Myth #4: Once clients have a few case studies they don’t really need more

Truth: Companies that embrace customer case studies as part of their marketing do them consistently. They’re always adding new customers and products, updating their offerings, expanding into new markets. And with more places than ever before to publish and share those stories (blogs, Facebook, e-zines), they’re always looking for fresh stories to tell their audiences.

The upside: Customer case studies can be a cash cow. I’ve created case studies for one client for the past 12 years. The client realizes the value new customer stories bring to its sales force, website, media pitches, social media channels, events, and email marketing. Educate clients about the many ways they can use customer stories.

Myth #5: Case studies are a hassle because they require customer approval

Truth: OK, that’s sort of true. But it’s more the exception than the rule. Customer case studies are one of the only types of marketing collateral that require more steps because you’re involving the customer. Rather than just collecting background from internal contacts, you interview the customer and get their signoff on the final piece — extending the average time to complete them. Usually, you can have them wrapped up in 4-6 weeks.

The upside: Case studies are a process, giving you, as the writer, the opportunity to take on more of a project management role. You set up the interview and manage the process through customer edits and approvals. As a project manager, you can charge more. Clients love that you take it from start to finish. And to avoid major delays in getting paid, always invoice your client after you’ve delivered the first written draft, rather than when the featured customer approves the story. After all, your pay is not contingent on customer approval, but on what you deliver.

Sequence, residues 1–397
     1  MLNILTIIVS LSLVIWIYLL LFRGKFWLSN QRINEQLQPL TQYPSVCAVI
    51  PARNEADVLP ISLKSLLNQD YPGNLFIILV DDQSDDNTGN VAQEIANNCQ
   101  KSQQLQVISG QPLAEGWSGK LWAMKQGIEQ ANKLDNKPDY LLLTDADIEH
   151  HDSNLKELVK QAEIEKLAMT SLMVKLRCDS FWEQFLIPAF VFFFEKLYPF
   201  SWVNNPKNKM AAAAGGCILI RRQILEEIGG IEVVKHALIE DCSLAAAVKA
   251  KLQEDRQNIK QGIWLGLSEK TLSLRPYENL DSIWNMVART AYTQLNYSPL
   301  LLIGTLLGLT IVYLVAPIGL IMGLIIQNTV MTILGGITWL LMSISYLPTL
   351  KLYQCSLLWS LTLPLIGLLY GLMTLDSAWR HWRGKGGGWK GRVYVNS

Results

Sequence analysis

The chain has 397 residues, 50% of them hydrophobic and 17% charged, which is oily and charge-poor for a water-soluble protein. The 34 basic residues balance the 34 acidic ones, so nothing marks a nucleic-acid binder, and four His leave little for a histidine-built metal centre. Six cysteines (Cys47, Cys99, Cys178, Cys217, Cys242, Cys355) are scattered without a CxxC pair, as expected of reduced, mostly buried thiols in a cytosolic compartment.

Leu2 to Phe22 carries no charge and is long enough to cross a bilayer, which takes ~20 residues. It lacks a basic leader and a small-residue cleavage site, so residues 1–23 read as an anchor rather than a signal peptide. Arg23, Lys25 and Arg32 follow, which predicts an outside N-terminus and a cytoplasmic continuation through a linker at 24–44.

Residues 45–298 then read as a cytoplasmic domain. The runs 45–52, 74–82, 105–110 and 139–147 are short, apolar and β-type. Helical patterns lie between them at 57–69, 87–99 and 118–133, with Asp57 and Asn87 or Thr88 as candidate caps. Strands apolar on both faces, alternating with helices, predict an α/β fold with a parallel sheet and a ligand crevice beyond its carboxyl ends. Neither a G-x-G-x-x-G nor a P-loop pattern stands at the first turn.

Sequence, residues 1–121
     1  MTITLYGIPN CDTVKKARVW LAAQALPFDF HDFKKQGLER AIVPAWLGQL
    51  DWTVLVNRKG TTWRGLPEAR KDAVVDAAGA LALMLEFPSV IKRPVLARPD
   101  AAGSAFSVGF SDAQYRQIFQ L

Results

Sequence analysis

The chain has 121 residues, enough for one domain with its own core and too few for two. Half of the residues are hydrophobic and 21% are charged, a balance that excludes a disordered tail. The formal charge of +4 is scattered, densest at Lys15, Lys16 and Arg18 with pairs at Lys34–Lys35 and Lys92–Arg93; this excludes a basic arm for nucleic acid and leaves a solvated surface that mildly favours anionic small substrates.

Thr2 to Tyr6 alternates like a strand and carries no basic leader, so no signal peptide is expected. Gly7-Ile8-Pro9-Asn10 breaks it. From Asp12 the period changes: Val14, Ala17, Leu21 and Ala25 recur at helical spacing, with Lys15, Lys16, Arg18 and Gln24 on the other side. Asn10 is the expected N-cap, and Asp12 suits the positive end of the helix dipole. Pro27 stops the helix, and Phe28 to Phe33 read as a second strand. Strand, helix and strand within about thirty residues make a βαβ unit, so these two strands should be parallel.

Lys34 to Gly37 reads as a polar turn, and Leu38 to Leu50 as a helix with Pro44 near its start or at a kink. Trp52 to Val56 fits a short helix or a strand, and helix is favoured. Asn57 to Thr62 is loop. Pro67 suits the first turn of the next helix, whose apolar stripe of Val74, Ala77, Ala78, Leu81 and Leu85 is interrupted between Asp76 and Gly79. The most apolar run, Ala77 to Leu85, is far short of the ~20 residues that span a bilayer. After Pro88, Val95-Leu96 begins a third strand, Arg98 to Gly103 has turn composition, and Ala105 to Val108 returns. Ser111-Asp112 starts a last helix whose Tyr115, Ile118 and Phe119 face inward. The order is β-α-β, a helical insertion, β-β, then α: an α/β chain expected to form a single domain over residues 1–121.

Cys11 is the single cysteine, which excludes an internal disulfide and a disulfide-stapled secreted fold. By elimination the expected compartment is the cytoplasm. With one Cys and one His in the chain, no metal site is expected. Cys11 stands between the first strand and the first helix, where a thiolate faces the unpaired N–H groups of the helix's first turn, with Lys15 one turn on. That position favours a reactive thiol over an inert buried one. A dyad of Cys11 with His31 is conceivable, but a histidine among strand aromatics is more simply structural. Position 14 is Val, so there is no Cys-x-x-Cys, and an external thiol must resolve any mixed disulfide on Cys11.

Myth #6: I’ll have to travel a lot

Truth: No, case studies are the perfect phone projects! Out of more than 700 case studies, I’ve conducted fewer than five interviews in person. And the only reason for those was my proximity to the customers being featured. I probably just wanted to get out of the house! Most of the time, I’m in one place, my client in a different geography, and their customer in a third place.

The upside: You don’t have to limit your client base to organizations that are local to you. I’ve got clients across the U.S., and in Canada, Australia, and the Netherlands. Proactively reach out to organizations that already create case studies, or would be good fits for them, and introduce yourself, or send something of value — an article that talks about case studies.

Myth #7: Companies are going to video these days

Truth: Video is hot, but most people still prefer written collateral. Many of my clients have started creating customer videos, but they also create written versions. They understand that people like to consume content in different formats.

The upside: Recent surveys indicate a 2-1 preference of written case studies to video. Video is a chance to showcase some strong sound bites and the story at a glance, but written is where you can weave in the detail behind the success. Plus, quality video is a lot more expensive.